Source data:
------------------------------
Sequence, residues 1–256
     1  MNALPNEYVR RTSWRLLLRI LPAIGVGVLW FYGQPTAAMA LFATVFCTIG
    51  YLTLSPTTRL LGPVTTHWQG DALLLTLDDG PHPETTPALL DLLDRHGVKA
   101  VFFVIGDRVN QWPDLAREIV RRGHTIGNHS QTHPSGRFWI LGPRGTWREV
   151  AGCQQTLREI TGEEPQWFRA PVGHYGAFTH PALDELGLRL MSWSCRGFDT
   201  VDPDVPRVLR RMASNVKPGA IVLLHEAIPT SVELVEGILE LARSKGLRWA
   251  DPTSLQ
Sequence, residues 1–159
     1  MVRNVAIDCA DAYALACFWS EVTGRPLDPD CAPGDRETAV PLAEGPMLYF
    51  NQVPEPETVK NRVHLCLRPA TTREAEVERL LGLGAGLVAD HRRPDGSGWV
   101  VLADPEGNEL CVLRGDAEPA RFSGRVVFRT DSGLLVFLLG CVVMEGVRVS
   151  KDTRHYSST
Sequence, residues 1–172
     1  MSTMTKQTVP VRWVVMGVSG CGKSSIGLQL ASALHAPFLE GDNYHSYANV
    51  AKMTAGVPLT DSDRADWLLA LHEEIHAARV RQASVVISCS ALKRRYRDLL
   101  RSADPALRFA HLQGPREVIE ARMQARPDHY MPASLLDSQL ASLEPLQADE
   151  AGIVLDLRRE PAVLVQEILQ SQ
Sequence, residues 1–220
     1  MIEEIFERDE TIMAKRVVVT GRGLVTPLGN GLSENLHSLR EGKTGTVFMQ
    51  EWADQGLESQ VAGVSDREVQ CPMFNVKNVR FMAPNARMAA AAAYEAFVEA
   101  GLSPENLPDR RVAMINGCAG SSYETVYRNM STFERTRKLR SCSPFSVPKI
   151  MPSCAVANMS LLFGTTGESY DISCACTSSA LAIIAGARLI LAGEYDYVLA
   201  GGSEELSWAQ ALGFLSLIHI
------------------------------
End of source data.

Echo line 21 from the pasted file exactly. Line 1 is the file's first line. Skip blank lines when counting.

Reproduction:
   101  GLSPENLPDR RVAMINGCAG SSYETVYRNM STFERTRKLR SCSPFSVPKI